The ring of that anvil meant things to many people, but to his family it was like music to their ears. Their lives centered around that ring; whether to set a meal on the table, working overtime, or just the mere fact that as long as it rang, they knew all was well.

The old shop is gone, the anvil has been silenced, the mighty smithy has retired to his eternal rest, but the echo of that anvil, and the joy, peace and contentment that it gave as it rang, has branded many hears and written many chapters of history that never will be forgotten. I am very proud to say I was the daughter of that blacksmith.

Excerpts from the book "The Ring of The Anvil" by G. B. K.


Georgia speaks to how much the community loved Chester and it is apparent when speaking to Kopperl "old timers" that remember him to this day. Ron Carlisle remembers playing on the Ferris wheel swing that Chester invented and was awarded a patent for. Chester is photographed next to his invention on the right.



All of the Kopperl children were welcome in his yard and spent countless hours playing on the Ferris wheel swing. Ron can remember someone getting hurt on it nearly every time.

Ron remembers visiting his Grandfather during his earliest childhood memories in Kopperl. To Ron he was known as Papa. Papa Brown took a liking to Ron and they spent lots of quality time together in the blacksmith shop. Ron remembers his grandfather fixing everything from wagon wheels to guns. People would bring guns from all over to have Chester fix them, sometimes requiring parts to be fabricated from scratch. Chester had quite a gun collection of his own which had to be more than fifty at one point. All of them hung on the wall of his shop including an old Sharps rifle. Chester sold the whole collection for $100 which at the time he thought was too good of a deal to pass up.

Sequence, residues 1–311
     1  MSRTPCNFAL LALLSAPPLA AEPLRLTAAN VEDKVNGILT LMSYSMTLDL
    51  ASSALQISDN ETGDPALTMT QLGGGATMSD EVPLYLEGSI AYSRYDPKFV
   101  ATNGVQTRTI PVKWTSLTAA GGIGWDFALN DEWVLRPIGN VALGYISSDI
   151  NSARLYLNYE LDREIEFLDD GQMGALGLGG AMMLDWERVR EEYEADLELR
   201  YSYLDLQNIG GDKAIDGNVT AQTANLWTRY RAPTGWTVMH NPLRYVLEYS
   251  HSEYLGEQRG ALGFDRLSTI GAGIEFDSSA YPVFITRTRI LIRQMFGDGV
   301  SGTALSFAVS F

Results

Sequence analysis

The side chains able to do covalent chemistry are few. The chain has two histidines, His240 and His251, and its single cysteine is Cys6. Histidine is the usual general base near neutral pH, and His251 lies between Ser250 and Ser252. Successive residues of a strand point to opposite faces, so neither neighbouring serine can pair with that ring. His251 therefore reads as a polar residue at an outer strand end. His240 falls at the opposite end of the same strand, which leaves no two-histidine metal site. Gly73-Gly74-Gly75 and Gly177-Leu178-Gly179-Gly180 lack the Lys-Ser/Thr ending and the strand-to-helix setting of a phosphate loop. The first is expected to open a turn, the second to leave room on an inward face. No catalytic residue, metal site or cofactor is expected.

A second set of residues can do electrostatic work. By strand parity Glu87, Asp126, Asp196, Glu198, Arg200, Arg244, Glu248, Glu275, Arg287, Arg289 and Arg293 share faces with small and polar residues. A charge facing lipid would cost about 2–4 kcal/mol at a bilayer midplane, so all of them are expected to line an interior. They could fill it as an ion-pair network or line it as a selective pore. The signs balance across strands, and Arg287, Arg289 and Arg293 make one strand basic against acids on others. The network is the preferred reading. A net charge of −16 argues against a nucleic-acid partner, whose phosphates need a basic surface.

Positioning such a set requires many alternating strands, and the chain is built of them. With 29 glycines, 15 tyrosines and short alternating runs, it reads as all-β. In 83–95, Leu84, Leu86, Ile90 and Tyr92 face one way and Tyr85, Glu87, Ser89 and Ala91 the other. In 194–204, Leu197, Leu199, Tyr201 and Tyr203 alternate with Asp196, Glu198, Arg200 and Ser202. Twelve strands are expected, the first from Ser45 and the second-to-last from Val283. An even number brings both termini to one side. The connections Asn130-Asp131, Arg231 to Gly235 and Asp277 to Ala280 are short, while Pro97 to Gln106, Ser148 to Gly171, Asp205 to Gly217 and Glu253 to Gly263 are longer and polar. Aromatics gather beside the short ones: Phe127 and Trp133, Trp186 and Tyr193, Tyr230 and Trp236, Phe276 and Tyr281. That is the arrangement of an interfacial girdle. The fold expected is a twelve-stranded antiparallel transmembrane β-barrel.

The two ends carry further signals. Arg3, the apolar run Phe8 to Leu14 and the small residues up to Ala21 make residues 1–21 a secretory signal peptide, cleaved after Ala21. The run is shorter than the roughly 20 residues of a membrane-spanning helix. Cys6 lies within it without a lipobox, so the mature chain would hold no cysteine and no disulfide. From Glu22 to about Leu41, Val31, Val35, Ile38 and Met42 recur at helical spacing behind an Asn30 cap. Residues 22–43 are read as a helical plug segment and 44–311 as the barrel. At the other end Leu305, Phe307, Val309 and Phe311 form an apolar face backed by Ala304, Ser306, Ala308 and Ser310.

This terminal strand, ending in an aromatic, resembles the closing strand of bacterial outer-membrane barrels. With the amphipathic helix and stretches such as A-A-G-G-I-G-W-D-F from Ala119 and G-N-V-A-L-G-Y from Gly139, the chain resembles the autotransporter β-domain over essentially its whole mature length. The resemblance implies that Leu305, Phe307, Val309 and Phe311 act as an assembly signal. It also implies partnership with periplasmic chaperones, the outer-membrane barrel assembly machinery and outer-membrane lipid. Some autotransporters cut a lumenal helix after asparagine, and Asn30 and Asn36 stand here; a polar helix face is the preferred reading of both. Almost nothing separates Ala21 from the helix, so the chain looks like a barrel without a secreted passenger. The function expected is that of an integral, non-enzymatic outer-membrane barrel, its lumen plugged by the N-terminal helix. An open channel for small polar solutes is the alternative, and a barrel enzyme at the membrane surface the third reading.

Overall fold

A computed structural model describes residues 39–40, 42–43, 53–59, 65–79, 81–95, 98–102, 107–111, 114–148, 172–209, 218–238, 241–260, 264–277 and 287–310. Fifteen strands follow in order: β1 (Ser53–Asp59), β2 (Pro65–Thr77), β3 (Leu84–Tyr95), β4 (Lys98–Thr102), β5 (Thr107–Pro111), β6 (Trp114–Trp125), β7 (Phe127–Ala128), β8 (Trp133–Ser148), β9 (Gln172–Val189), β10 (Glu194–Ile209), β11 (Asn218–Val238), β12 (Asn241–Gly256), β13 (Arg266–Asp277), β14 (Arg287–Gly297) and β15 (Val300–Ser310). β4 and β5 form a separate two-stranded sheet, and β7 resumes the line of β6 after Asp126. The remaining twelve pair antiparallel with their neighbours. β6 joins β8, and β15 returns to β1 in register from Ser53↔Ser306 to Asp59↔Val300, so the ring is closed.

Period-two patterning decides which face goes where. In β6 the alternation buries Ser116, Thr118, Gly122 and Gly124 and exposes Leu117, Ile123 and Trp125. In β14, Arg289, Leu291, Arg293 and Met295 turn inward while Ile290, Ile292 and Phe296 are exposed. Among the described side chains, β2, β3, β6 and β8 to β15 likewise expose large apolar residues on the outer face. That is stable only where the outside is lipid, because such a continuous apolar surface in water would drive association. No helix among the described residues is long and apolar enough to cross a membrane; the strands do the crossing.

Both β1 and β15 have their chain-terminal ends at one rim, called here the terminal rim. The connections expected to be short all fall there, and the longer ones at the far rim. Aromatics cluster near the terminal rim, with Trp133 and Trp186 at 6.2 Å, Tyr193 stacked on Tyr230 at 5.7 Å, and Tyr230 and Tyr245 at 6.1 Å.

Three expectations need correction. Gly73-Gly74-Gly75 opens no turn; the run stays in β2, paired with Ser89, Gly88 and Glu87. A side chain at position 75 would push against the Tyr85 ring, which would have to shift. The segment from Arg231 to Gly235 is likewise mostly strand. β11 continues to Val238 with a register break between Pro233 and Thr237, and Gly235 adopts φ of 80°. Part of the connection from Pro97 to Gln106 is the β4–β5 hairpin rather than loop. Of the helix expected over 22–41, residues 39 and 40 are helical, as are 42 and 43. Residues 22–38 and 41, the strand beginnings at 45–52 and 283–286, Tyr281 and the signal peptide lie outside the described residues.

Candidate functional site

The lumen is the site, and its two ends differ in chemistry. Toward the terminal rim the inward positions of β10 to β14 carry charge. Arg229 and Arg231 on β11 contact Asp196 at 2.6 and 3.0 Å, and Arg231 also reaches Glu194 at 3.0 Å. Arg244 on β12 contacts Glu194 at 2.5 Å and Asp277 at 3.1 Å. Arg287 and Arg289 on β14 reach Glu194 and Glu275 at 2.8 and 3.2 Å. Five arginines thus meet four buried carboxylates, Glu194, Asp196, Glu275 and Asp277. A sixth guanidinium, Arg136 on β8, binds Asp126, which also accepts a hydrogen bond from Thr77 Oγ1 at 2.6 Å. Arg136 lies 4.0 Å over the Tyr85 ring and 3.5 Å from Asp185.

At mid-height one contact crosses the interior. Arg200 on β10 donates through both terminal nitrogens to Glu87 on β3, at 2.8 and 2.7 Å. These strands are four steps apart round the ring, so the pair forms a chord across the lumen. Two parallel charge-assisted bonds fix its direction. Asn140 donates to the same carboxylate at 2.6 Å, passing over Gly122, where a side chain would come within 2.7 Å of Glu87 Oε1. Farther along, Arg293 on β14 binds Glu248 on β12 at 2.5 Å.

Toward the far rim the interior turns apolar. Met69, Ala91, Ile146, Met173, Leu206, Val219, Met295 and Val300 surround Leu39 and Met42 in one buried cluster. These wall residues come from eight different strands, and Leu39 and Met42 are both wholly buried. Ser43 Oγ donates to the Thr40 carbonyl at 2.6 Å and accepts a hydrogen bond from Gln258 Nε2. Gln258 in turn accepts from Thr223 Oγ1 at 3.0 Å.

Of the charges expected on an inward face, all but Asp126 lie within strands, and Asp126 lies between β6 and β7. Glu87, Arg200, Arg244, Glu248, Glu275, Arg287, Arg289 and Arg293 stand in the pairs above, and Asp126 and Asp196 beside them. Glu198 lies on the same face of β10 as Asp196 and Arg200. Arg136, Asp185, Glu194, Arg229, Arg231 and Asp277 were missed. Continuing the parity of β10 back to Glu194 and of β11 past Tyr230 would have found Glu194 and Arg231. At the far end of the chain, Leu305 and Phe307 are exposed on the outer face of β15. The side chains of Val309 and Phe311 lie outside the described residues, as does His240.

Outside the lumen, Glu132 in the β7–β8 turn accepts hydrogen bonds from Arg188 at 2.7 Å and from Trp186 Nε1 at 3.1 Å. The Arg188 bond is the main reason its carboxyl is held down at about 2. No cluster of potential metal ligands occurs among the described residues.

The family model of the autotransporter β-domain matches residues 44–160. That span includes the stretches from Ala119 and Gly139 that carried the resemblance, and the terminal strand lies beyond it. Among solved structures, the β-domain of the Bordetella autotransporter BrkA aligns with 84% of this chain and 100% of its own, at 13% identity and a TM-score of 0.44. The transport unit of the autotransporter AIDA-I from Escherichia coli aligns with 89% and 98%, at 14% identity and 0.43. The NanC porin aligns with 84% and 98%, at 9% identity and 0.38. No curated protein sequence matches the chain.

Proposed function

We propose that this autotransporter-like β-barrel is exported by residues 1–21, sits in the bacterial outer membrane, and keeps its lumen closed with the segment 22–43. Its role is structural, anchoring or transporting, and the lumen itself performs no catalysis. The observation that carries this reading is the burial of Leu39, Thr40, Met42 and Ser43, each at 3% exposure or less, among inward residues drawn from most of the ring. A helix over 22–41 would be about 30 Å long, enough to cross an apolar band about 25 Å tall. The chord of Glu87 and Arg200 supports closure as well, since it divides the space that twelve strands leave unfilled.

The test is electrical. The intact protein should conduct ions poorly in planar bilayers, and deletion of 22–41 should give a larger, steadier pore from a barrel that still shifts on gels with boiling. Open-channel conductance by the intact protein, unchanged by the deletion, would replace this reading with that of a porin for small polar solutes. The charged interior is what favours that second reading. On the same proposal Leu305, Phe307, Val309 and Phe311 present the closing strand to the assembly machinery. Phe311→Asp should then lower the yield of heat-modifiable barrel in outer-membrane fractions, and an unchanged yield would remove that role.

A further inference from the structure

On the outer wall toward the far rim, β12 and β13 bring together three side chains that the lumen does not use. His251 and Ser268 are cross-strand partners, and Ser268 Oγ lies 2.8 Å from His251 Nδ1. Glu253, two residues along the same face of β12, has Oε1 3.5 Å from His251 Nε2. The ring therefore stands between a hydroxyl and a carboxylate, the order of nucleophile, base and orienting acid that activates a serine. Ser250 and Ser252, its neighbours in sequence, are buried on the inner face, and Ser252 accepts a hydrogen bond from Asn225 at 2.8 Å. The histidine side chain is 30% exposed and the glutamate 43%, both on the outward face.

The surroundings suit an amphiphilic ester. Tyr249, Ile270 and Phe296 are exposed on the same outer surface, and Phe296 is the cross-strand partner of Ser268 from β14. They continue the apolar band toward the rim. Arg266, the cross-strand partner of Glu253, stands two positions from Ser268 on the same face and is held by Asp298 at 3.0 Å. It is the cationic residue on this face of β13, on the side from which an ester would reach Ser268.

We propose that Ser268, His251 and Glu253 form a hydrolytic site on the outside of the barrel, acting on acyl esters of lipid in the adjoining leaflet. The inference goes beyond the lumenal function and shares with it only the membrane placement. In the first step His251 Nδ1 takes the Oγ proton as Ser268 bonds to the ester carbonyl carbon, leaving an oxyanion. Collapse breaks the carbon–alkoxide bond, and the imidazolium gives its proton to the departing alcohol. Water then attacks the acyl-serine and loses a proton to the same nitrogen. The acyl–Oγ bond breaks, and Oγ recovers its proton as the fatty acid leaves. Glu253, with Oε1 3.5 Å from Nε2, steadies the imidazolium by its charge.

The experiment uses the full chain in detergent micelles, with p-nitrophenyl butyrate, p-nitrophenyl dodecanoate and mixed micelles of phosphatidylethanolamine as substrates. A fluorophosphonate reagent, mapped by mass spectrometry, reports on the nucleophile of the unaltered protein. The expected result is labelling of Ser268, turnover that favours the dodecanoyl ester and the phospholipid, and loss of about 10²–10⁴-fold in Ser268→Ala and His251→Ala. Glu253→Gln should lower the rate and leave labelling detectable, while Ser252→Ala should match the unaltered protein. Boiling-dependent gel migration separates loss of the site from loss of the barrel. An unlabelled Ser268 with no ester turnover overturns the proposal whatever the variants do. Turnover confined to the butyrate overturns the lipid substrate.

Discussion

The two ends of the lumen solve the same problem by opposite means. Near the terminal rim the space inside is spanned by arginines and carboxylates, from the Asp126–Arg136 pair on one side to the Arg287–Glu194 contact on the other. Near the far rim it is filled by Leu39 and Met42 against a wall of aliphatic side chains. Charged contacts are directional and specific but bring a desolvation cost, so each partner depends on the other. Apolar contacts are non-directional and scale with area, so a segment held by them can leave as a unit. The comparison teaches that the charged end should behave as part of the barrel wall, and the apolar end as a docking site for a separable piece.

Chester's primary income was from shoeing horses and sharpening/fixing the local plows and farm implements. He also sharpened the grist stones for the local mills. The railroad would hire Chester to go out on the railway and sharpen some of their tools. He was very proficient when it came to tempering metal which was an art in itself. At one point in his career a special train would come to Kopperl just to pick Chester up and take him out to West Texas to sharpen drill bits.


Ron remembers Chester telling him that the grist stones used in the local mills were made from hard stone quarried on the mesa that is now known as the "Mesa Grande".


Chester was also a local historian and was very passionate about preserving the local history. He saved many local items that were eventually passed down through his family. Ron still has many of Chester's tools and items from the blacksmith shop which sat just northeast of the modern day Post Office. The small building is still there today and many of you might pass it every day.


Although today you cannot hear the ring of an anvil in the Kopperl streets, Chester Brown is still with us in spirit and will not be forgotten. You cannot help but smile when you see the photos of Chester knowing that he must have been such a character. I wish I could have met him just once!